You hear it all the time. Politicians talking about the goal of having a tax law that is fair and simple. Well, excuse me, but the concept of a tax law being simple and being fair are entirely contradictory. A simple tax law is not fair, and a fair tax law is not simple. Simple means one size fits all, and one size fits all is not fair.
One of the most naive and theoretical income tax proposals I ever heard of was made by a government economist, who proposed that federal income tax rates be indexed for regional differences in the cost of living. Actually, this is a eminently fair proposal. Why should somebody who earns $70,000 and lives in Manhattan and barely scrapes by due to the high cost of living be taxed the same as somebody making the same income, who lives like a king in some rural enclave in the South? But can you imagine how terribly complicated such a system would be? Obviously, the person who made the suggestion didn't.
Or how about the section of the tax law which taxes amounts received as punitive damages, but excludes punitive damages awarded in Alabama for wrongful death? Why do we need to clutter up a simple rule concerning the taxation of punitive damages and create a loophole for those silly Alabamans? Because only in Alabama are wrongful death damages categorized as punitive damages whereas such damages are not punitive damages in any of the other 50 states. The simple rule would be a blanket rule taxing punitive damages, but the fair rule is to exempt Alabama punitive damages that are not punitive damages in any other state in the USA.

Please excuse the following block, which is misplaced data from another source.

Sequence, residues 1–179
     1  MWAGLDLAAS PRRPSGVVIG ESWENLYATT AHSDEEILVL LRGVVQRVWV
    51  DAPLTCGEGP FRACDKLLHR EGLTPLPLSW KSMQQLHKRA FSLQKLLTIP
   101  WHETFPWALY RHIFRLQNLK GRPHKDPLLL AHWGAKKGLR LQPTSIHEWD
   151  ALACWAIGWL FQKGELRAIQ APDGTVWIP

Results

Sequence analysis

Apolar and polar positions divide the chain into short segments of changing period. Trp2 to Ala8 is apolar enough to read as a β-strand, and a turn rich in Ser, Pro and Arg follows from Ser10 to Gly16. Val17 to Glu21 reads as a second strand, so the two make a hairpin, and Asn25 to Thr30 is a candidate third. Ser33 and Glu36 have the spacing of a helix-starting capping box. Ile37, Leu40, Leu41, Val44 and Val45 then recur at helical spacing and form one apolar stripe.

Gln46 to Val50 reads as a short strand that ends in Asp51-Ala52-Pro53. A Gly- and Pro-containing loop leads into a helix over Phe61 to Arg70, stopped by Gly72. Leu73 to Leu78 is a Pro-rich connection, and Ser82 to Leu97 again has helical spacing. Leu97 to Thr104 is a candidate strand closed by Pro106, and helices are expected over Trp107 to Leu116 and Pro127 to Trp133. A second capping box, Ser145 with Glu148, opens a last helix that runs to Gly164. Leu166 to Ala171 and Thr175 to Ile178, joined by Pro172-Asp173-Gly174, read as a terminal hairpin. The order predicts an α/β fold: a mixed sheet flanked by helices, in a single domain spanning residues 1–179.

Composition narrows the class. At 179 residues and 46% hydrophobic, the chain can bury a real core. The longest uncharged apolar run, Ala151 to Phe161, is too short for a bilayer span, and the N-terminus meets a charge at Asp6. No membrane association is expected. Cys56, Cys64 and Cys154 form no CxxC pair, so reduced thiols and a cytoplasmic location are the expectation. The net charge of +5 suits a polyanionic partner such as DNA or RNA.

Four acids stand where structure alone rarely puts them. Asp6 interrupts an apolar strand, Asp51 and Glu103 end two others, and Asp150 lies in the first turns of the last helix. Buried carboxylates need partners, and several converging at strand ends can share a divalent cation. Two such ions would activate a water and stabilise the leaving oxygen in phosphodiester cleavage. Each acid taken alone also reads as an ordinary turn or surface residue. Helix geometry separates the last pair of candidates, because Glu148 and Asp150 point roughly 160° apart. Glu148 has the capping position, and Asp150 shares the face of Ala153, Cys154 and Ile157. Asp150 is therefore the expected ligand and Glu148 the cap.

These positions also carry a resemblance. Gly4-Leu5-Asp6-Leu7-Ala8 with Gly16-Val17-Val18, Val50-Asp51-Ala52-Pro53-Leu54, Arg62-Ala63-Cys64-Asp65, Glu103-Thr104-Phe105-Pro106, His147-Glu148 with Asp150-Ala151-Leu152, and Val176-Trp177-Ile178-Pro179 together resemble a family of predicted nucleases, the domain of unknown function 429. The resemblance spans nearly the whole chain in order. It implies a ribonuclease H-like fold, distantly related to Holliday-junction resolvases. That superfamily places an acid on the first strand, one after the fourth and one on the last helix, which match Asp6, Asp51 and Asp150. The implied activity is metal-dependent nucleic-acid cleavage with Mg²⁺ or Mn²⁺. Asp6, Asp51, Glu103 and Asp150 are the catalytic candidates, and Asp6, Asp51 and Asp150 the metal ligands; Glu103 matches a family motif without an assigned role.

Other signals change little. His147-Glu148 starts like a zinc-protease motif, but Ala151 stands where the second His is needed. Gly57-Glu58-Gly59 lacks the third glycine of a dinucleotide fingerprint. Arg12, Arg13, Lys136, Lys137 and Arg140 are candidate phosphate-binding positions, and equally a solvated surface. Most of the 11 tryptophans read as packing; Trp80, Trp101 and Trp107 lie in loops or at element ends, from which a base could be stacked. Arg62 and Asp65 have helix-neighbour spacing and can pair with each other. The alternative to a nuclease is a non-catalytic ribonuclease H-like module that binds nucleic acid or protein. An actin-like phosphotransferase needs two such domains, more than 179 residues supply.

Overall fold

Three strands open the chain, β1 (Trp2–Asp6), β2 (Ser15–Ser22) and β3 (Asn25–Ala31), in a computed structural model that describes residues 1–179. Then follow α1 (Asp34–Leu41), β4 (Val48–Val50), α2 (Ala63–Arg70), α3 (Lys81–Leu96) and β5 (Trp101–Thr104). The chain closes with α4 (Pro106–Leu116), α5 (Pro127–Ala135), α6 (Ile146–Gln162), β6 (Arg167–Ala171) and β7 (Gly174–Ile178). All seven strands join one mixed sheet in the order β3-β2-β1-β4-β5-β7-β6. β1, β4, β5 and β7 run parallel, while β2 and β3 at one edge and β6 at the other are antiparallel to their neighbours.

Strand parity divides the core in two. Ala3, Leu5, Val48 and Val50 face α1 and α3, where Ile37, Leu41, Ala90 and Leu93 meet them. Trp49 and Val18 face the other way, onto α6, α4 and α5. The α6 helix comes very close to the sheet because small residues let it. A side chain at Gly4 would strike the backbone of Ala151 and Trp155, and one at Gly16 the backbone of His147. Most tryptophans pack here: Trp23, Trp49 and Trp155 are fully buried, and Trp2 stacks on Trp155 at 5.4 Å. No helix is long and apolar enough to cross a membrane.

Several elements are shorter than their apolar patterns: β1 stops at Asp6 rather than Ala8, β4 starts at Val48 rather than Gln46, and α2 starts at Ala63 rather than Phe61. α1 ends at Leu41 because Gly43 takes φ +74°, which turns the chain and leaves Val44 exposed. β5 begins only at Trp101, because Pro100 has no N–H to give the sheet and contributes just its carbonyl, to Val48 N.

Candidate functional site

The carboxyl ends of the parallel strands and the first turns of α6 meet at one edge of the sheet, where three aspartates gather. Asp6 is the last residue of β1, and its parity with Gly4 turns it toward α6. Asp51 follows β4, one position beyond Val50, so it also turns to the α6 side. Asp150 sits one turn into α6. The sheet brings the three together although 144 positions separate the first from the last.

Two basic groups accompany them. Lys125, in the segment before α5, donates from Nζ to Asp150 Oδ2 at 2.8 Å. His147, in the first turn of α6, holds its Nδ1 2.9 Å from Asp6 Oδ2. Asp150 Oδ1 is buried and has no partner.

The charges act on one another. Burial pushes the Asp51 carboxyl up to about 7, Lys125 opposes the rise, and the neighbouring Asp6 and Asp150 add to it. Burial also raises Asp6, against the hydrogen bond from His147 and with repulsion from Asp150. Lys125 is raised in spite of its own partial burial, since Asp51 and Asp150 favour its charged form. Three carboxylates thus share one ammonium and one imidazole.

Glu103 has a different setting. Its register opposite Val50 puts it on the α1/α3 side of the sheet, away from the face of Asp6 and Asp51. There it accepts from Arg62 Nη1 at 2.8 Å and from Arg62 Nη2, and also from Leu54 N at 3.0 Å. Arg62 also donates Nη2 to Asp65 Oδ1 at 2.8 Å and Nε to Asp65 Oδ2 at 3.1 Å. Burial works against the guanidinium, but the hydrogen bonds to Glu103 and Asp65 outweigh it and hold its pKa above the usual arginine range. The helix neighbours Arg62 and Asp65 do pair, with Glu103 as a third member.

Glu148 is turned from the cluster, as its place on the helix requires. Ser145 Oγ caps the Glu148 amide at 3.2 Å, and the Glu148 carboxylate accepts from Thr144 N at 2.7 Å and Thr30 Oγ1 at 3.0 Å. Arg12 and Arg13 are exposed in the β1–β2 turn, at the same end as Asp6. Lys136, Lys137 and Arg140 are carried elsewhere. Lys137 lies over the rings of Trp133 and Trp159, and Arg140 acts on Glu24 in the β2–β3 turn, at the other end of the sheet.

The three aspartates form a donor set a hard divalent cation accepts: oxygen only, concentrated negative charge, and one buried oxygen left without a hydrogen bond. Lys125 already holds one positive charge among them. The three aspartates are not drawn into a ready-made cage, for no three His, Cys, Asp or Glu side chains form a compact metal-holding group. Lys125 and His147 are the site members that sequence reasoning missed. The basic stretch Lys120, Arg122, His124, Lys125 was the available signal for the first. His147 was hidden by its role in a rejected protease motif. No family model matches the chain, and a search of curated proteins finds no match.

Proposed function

So why do politicans keep holding out this goal for tax laws that are conjunctively simple and fair. Clearly that's what their constituents want to hear, with the contradiction between the two attributes not readily apparent to the general public. That raises the question of whether the politicians themselves are aware of the conflict, or are they as clueless as the general public. I can't imagine any politicians with any expertise in the tax law not recognizing the conflict, but for the run-of-the-mill non-tax specialist politician, I suspect they too may be clueless.
Of course the opposite corollary is not necessarily true--tax laws might be both unfair and not that simple. And indeed this can occur in the search for fairness. One of the current health care proposals is an excise tax on employer paid health insurance plans that exceed a certain value. The bill recognizes that a $8,000 plan in New York city is not the equivalent of a $8,000 plan in some low cost part of the country, so it provides for an adjustment of the threshold dollar amount for 17 high cost cities. Well that gums things up from a simplicity point of view. But is it fair? How about the people who live in the 18th most expensive city? How about the person who lives a mile outside the city boundary. And what exactly is the boundary? (SMSA defined, I presume.)
So despite what the politicans promise, you can have a tax system that is fair, you can have a system that is simple, but you just cannot have both.